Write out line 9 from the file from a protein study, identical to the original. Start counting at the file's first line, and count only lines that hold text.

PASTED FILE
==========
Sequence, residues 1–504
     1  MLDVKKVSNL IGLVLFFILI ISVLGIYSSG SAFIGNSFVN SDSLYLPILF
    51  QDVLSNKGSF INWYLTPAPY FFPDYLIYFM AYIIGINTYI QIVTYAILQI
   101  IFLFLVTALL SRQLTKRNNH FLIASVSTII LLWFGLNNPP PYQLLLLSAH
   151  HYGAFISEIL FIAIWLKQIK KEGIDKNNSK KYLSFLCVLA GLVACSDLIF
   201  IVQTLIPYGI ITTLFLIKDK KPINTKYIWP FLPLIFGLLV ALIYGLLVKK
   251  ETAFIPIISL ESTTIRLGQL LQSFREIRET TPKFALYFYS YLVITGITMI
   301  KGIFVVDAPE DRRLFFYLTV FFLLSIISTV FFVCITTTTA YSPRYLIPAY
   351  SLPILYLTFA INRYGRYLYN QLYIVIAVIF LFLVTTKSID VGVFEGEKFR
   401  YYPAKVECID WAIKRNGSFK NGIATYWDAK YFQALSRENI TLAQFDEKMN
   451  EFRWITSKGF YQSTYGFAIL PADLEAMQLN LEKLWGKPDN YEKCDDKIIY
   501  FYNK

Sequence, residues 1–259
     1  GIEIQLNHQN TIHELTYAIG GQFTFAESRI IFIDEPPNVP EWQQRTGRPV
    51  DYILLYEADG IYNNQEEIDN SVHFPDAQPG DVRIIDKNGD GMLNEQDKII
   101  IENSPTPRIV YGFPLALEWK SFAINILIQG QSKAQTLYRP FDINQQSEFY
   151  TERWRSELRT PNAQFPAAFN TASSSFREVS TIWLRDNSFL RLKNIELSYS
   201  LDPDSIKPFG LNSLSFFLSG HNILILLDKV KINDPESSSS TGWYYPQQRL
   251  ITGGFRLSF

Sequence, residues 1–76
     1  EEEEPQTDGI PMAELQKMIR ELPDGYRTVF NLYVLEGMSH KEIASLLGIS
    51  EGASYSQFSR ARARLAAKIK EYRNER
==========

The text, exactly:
   351  SLPILYLTFA INRYGRYLYN QLYIVIAVIF LFLVTTKSID VGVFEGEKFR